I really enjoy the slow pace and different flow of English Paper Piecing projects, but if I thought Supernova was time-consuming, it was nothing compared to All Stars. I started actively working on this quilt top in June of last year, and I think no less than 200 hours went into it.

The most challenging part of this quilt is actually the fabric selection, which I did back in May. I resisted the urge to go with a kit (which is crazy expensive anyway), and instead painstakingly picked out my own fabrics (but still all Tula Pink), and allowing the rainbow of colors to wash from the top to the bottom. It took a great deal of planning and a great deal of fussy cutting, because I really wanted the colors in a bloom to relate to each other. I'm really pleased with the final look, even though in another medium I would have deemed this far too insane. But ... somehow I like it as a quilt.

This is by far the largest English Paper Piecing project I've ever worked on, and even though making the individual blooms was fun, assembling at the end was pretty tedious.

Part of the reason the final assembly was so tedious was because I don't like to take the paper pieces out until after the whole thing is assembled. I like how much structure and sturdiness the card stock gives it, and I like to keep that for as long as possible. I have this fear that the quilt would otherwise wrinkle and distort while I'm assembling it, or worse, that I step on it and rip it.

But it's finally done, and now it's ready for quilting ... hopefully sometime this year.

Friday, January 11, 2019

Skyline

It took a year of procrastination, but Skyline has finally been quilted. It's a great one to start the year with, though! Besides my script-generated Haphazard quilts, Skyline is the only quilt that I have "designed", and by that I just mean that I didn't use somebody else's pattern.

I love sampler quilts, but I don't like traditional sampler layouts, so I came up with this after seeing Art Gallery Fabrics's display at QuiltCon one year. Their display was inspired by the Miami Skyline, and it was simple blocks (made of cardboard, probably?) where each set of block makes a building. I drew my ideas on paper before trying it in EQ7 to make sure the proportions worked.

I only used super simple blocks here, but there's a good variety. Fabric selection was by far the hardest part of this quilt, and to this day I wonder if I made the right choices. Too late for that, of course. But where I'm very happy with my decisions is the quilting.

With the big sky background, it's a nice little playground. Scary, but nice. I quilted a lot of leaves in the corner to make it look like somebody was viewing this skyline through a window, and I had to add in a big rainbow. I won't lie, the rainbow is precisely the reason I procrastinated on this quilt for nearly a year. I knew what I had to do, but the thought of marking it and then soooo much rolling back and forth on the frames didn't sound fun. And it wasn't ... but it was worth it. I had to get a rainbow in the sky here!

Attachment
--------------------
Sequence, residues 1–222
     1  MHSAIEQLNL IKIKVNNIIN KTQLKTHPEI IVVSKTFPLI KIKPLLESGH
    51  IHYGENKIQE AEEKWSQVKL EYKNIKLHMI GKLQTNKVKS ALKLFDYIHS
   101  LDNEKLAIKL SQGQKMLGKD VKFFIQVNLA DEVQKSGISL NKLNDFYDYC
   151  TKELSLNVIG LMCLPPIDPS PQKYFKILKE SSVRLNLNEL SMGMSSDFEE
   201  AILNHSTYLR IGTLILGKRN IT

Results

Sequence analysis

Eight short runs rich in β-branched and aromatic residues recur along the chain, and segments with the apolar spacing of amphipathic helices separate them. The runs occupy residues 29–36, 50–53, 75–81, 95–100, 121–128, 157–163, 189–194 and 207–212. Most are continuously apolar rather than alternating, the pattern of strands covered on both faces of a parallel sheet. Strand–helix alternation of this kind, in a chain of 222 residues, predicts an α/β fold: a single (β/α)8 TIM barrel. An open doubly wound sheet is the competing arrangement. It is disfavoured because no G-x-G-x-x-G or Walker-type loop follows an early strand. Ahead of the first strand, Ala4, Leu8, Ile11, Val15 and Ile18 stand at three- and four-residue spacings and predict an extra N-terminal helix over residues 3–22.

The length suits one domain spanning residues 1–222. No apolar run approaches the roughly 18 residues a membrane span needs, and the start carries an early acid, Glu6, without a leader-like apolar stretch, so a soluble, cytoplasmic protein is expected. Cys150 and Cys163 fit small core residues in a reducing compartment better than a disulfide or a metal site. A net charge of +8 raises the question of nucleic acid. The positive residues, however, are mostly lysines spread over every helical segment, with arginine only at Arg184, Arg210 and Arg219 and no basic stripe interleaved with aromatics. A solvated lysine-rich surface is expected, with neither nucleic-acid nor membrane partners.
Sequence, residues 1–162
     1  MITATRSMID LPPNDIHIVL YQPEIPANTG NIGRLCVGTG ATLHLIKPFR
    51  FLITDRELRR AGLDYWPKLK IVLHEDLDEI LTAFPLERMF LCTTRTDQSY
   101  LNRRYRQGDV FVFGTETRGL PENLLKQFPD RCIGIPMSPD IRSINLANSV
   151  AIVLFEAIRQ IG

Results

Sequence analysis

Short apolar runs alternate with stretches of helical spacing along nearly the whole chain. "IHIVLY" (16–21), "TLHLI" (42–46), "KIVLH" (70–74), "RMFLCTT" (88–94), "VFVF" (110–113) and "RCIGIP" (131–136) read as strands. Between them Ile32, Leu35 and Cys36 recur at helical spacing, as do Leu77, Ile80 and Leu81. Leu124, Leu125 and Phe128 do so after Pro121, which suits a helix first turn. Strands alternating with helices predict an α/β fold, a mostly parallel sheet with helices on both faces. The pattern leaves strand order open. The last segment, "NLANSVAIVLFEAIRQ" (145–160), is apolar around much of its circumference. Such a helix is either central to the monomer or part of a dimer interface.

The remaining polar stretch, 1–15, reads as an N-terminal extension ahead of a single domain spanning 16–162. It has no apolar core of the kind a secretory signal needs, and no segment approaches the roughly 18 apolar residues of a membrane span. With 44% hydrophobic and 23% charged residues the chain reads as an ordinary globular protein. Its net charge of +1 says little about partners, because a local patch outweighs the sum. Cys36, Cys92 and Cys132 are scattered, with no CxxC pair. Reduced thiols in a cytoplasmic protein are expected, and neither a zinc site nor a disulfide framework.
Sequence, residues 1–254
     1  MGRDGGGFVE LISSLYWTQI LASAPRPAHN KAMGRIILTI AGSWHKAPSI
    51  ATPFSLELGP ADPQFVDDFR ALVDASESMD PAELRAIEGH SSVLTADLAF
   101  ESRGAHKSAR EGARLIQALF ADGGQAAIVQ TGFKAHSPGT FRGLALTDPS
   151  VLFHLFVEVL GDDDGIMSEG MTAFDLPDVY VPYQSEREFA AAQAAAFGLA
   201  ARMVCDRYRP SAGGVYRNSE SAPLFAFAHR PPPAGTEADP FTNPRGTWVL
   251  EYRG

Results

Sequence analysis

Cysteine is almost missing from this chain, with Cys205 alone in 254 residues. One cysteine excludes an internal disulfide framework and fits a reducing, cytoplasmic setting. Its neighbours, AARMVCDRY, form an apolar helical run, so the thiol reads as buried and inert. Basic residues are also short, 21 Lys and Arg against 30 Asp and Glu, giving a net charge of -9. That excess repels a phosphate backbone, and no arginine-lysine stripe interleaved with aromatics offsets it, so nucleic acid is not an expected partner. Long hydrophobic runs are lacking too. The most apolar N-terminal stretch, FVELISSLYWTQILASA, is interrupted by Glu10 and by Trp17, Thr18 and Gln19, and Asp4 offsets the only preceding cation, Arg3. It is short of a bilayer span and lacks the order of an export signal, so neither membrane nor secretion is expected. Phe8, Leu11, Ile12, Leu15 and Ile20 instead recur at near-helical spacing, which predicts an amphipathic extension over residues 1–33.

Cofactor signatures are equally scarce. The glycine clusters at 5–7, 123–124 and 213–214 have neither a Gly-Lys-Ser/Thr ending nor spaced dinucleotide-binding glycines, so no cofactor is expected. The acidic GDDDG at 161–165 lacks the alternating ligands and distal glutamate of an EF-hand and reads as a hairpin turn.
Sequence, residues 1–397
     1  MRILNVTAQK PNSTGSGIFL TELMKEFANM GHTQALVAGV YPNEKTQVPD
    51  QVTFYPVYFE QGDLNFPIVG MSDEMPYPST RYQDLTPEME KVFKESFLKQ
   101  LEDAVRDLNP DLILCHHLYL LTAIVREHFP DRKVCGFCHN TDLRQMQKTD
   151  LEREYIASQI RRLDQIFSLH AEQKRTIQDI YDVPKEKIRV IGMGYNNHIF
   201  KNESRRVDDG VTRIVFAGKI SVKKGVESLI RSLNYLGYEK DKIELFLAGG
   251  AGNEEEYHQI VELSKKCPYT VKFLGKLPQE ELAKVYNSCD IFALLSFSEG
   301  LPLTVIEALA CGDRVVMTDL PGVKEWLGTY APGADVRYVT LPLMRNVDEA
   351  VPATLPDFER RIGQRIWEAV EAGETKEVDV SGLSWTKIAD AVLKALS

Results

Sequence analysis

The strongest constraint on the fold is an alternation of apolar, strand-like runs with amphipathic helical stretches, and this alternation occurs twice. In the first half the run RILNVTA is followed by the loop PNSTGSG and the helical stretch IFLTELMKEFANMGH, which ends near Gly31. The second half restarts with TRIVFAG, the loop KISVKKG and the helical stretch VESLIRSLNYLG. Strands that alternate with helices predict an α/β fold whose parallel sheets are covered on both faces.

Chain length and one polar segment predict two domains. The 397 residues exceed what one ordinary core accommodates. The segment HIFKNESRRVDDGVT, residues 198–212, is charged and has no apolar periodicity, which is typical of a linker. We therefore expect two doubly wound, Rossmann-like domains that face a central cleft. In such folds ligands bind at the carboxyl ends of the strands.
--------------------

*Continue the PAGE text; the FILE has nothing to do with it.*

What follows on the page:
Once I got the sky quilted, the buildings were a cinch. I love quilting sampler quilts because I can throw on so many designs in a quilt, and I don't get bored while quilting because there's always something new. Pretty much all my favorite designs made an appearance in the buildings somewhere.

I think this quilt came very close to what I was envisioning in my head. Of course, if there's an area I'm unsure I made the right decision, it was the fabric choices, but overall I'm pretty happy with it!

***

Linking up with: My Quilt Infatuation, Busy Hands Quilts, Confessions of a Fabric Addict, Cooking Up Quilts, Sew Can She, and Powered by Quilting

Monday, December 31, 2018

Best of 2018

Cheryl Brickey from Meadow Mist Designs is once again hosting the Best of 2018 Linky Party, and I almost didn't join in this year, but after seeing everybody else's posts, I decided it would be fun to come up with my own top 5 list.

Most Viewed: Beach Retreat

Beach Retreat is a quilt I made for Kelly Young from My Quilt Infatuation's blog hop to promote her book Stash Statement. It was so fun to play with improv in a controlled setting, and I love the quilting ideas I did for this quilt!

Most Commented: Postage Plus

Postage Plus is a quilt I made for the blog hop promoting Cheryl Brickey and Paige Alexander's book, Modern Plus Sign. I really really loved using all the hot pinks in this quilt! Figuring out how to quilt the background was challenging, but I'm super happy with how it turned out.

Most Challenging: Feathered Star

Feathered Star is a quilt along that Rebecca Bryan from Bryan House Quilts hosted over the summer, and despite a lot of apprehension, I decided to give it a shot. It's definitely one of the biggest challenges I've done, and I felt like I held my breath as the quilt assembly came together because I was never sure it was going to work. But ... I did finish the top and it turned out pretty well!

Favorite Top: Cityscape

Another quilt along I participated in over the summer is Tula Pink's City Sampler quilt hosted by Angie Wilson of Gnome Angel. This was a huuuuge quilt along on Instagram with daily posts and tons of participation, and I decided to work on two quilts simultaneously. Of the 2 tops I ended up with, they're both among my top favorite projects of the year, but if I have to pick one, I have to pick Cityscape. It's just a little more me. (The other one is Trellis.)